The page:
Who gets the privilege of being paranoid?

For a Black Muslim woman in America, surveillance is no conspiracy.

Maxine McCrann
Tapped Out
Originally Published: 

I learned about Jamar Clark's death in the middle of the night, when a friend texted me. He told me that police had shot somebody in the head while he was in handcuffs, and said, “We're coming to pick you up.”

This November marks the six-year anniversary of that police killing, which happened on Minneapolis's north side. I lived on the opposite end of Minneapolis at the time. The drive from my place to where Clark was killed must've taken at least 20 minutes, but it's a blur to me. Me and this friend, with whom I co-founded the Black Liberation Project, a grassroots collective of Black youth, after protesting in Ferguson, Missouri, were some of the first protesters to arrive on the scene. At the time, we didn't know who had been killed. While people speculated about the details of the shooting, firefighters came out and sprayed down the sidewalk. I heard people say they were washing away blood.

Clark's killing sparked an 18-day protest outside of the Minneapolis Police Department's Fourth Precinct. I lived outside of that building for two weeks, and I was arrested twice. But what I remember most clearly from that time, beyond the feeling of pepper spray burning the back of my throat, and the vision of a "less-than-lethal" rifle held right in my face, are the police who stood with cameras, recording the crowd.

Sometimes, my mom would call me while I was out at the protest. Once, when I answered, she started to complain about background noise. “Anytime I call you, there's a clicking in the background,” she said. “Like a machine. You can't hear that?”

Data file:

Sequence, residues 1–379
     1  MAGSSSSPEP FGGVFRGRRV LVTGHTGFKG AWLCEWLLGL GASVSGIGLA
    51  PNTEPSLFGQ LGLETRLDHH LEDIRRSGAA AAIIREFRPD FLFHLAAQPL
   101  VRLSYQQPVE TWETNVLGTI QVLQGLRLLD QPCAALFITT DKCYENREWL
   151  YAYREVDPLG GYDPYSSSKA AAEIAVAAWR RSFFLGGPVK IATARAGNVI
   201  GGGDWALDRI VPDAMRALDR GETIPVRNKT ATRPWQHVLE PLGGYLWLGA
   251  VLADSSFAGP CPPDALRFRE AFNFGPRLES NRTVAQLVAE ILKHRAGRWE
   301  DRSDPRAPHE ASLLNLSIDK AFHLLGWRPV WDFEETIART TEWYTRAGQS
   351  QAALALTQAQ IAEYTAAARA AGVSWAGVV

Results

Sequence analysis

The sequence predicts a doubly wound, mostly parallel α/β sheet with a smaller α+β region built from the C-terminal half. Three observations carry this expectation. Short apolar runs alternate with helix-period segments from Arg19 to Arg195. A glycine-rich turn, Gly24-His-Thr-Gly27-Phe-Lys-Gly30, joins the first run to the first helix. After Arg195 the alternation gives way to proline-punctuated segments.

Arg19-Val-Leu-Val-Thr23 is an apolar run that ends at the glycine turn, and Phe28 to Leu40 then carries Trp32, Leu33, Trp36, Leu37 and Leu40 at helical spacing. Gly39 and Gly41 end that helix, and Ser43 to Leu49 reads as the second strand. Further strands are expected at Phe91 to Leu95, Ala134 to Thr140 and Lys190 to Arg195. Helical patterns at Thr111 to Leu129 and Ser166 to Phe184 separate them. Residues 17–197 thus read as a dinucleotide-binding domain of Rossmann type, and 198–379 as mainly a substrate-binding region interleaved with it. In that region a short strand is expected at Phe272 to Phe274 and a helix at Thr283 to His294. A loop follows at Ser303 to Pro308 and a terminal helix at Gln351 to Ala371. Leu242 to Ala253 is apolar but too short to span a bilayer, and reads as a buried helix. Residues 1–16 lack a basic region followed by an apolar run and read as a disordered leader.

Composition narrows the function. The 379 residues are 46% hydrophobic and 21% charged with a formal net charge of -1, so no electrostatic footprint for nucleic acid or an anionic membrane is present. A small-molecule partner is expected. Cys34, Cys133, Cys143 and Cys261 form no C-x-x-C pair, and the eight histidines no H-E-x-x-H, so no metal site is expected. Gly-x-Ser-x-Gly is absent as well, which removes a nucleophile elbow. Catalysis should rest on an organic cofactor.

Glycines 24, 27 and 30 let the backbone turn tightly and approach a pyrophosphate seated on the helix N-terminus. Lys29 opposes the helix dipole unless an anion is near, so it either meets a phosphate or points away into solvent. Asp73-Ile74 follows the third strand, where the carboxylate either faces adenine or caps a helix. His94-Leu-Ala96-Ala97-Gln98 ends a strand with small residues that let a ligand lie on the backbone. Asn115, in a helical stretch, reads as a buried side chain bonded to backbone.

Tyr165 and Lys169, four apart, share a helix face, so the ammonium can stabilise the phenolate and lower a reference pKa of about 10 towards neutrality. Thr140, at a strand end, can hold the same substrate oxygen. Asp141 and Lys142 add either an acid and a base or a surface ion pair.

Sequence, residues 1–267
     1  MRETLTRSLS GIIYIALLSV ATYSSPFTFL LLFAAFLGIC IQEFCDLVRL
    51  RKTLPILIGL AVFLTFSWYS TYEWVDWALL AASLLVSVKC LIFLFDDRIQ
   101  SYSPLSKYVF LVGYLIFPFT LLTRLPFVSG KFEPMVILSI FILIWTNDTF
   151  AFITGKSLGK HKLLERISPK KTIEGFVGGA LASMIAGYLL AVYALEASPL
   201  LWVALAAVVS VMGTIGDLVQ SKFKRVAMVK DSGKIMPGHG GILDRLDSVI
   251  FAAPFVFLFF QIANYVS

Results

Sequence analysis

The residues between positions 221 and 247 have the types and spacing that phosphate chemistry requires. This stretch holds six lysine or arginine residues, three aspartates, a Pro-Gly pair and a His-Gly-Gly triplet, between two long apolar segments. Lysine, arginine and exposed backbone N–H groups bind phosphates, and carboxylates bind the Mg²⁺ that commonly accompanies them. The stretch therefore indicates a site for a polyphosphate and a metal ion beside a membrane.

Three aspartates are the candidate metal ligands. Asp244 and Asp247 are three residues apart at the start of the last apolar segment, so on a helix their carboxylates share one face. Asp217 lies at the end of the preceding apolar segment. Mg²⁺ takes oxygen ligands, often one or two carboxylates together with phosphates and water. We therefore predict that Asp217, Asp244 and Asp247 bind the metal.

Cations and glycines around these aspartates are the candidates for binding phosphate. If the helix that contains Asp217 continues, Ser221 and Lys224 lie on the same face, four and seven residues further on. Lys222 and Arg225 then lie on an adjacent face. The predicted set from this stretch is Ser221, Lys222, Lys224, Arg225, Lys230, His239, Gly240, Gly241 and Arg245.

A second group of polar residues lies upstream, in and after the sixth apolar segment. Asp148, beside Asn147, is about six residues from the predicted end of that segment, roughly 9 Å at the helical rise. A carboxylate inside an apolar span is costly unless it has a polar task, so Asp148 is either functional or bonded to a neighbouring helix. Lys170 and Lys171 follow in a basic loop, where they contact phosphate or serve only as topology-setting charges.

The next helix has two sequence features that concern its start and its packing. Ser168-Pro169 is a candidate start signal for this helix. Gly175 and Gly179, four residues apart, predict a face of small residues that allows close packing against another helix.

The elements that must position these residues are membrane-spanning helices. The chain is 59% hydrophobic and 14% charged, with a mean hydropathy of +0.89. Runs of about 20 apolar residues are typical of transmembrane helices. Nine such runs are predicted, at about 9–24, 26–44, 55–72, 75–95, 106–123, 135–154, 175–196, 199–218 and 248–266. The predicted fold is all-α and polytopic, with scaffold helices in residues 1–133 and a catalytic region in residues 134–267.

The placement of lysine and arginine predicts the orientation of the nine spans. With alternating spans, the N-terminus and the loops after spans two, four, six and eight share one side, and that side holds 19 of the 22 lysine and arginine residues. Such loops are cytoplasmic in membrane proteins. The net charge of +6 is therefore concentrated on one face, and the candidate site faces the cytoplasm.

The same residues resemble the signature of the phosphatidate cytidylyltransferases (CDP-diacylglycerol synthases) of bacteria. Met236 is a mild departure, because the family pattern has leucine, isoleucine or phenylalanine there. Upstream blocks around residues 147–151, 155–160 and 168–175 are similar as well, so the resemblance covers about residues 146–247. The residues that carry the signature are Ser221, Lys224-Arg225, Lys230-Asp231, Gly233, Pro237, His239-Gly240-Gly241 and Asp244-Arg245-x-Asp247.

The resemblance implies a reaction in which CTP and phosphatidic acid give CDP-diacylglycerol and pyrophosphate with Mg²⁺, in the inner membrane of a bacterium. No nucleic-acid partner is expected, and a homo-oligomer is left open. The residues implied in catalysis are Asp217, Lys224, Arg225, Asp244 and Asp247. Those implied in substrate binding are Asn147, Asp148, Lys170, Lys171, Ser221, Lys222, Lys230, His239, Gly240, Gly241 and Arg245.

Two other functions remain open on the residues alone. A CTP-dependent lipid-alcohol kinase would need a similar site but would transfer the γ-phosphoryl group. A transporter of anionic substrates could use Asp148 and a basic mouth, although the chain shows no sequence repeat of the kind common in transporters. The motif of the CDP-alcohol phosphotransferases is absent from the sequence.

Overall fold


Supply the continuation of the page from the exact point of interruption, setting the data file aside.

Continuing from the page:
No, I couldn’t.

As a Black activist, this wasn't the first time I thought about surveillance. Somewhere in the back of my mind, I knew that I might be watched due to my organizing work, or the people I hung out with. Looking back, the security measures we took weren't the strongest, but we tried. During organizing meetings, we stored our phones and laptops in another room. If new people wanted to join our work, they needed to have at least one or two trusted members of the group vouch for them.

But hearing my mom ask about a clicking sound on a phone call while I was at an active protest site with a heavy police presence — this was new. And it was as if I needed somebody outside of my organizing space to name it and make it real. I wasn’t paranoid — this was really happening.

In the years since Clark's death, I've become a journalist, reporting on surveillance for outlets like Vice and Teen Vogue. I've led workshops on programs like Countering Violent Extremism, and I've appeared on panels discussing surveillance's harm on Black Muslims. I’ve guest-lectured on the topic at colleges. On Memorial Day 2020, just hours before George Floyd was murdered, I launched NAZAR, my anti-surveillance newsletter.

You might think that with all of this expertise, I'd know exactly what kind of technology may have been used to tap my phone during the Clark protests. Perhaps you’d like this essay to give you some specifics on how I've been surveilled, to reveal and detail a shadowy government scheme to the world.

But to do that I'd need to have proof beyond one question my mom asked me six years ago that I only half-remember. And unfortunately, I have no fucking clue as to the full extent of how Minneapolis protesters were surveilled during the occupation of the Fourth Precinct, or how activists across the country have been monitored since.

I don't even know for sure if my phone was tapped like my mom suspected. Anytime it comes up, she tells me that after I got a new phone and stopped attending protests as regularly, our calls returned to normal. But I always wonder how many of my fellow protesters noticed weird shit happening to them too, and were too afraid to talk about it. How many dismissed themselves as crazy, or were dismissed by others because they couldn't meet an arbitrary burden of proof?

Surveillance is about much more than the infrastructure that allows for watching to take place. It’s also psychological.

That not knowing for sure, and the doubt it leaves behind, is part of the malice of surveillance. When most people hear the word "surveillance," they think of its overt forms, like a sketchy van being parked on your street. What many people don't realize is that surveillance is about much more than the infrastructure that allows for watching to take place. It's also psychological.